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Garnet Exelby wears the Cascade Sports M11, endorsed by six-time Stanley Cup champion Mark Messier.

Claus Andersen/2009 Getty Images

Toronto Maple Leafs defenceman Garnet Exelby has become an expert on head shots, having suffered three concussions during his career. And when he learned of a new helmet designed by Cascade Sports and endorsed by former NHL great Mark Messier, he didn't hesitate to become one of just seven NHLers wearing one this season.

"I heard about it and I liked the direction they're going as far as trying to force helmets to get better, as far as protection and technology," Exelby said yesterday after practice. "I compare it to skates - you take a skate from 30 years ago and a skate from today and there's a lot that's changed, but with a helmet, from when they started wearing them until now, not a lot has changed."

Aside from appearance, the biggest difference with Cascade's M11 helmet is its one-piece shell, which Cascade says will offer more complete protection of the head than a traditional two-piece design. The padding on the inside of the helmet has also been substantially reworked, which the company says will reduce the probability of concussions after impact.

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Leafs general manager Brian Burke watched a presentation on the helmet yesterday as part of the GMs meetings in Toronto and came away impressed. Burke said he is going to push to have it tested by players on the Leafs' Toronto Marlies farm team.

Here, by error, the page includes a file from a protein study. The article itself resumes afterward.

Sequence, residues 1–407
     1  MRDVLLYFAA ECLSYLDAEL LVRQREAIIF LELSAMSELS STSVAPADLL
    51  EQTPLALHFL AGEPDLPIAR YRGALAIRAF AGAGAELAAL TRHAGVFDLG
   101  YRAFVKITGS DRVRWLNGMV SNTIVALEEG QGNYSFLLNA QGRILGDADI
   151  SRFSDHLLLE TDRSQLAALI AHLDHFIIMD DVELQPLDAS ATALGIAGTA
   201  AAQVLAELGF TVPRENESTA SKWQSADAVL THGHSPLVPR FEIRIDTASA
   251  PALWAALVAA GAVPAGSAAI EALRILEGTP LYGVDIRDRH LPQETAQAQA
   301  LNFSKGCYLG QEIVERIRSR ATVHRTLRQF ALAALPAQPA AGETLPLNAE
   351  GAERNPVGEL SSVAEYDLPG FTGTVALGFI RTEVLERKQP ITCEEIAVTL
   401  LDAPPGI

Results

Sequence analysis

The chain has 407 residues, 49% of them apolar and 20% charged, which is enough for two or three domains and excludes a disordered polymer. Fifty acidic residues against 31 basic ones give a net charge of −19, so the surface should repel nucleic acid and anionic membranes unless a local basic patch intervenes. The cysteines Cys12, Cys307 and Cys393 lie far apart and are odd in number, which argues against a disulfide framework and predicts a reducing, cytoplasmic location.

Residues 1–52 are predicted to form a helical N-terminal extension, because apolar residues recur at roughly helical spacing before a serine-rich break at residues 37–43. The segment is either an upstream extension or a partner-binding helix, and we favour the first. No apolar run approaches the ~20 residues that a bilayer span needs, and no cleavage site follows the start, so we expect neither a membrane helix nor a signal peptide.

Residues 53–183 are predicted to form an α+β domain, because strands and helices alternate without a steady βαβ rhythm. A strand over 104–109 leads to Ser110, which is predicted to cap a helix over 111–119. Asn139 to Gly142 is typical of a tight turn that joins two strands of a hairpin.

"I really like this helmet," Burke said. "I want to get it on some of the Marlies immediately. I teased Mark afterwards. It's amazing that you're in here talking about helmet safety. When he played for me, I couldn't get him to do his chinstrap up more than about four inches below his chin. It was useless."

Exelby said that while the M11 doesn't make much of a fashion statement, it's a step in the right direction in terms of concussion prevention.

"I just want to be wearing a helmet because I believe it has the best protection not because I think it looks the best," he said, adding that improvements in equipment can be just as much of a solution as rule changes aimed at head shots.

"Both probably in the long run will benefit players."

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Hockey Reporter

James joined The Globe as an editor and reporter in the sports department in 2005 and now covers the NHL and the Toronto Maple Leafs. More

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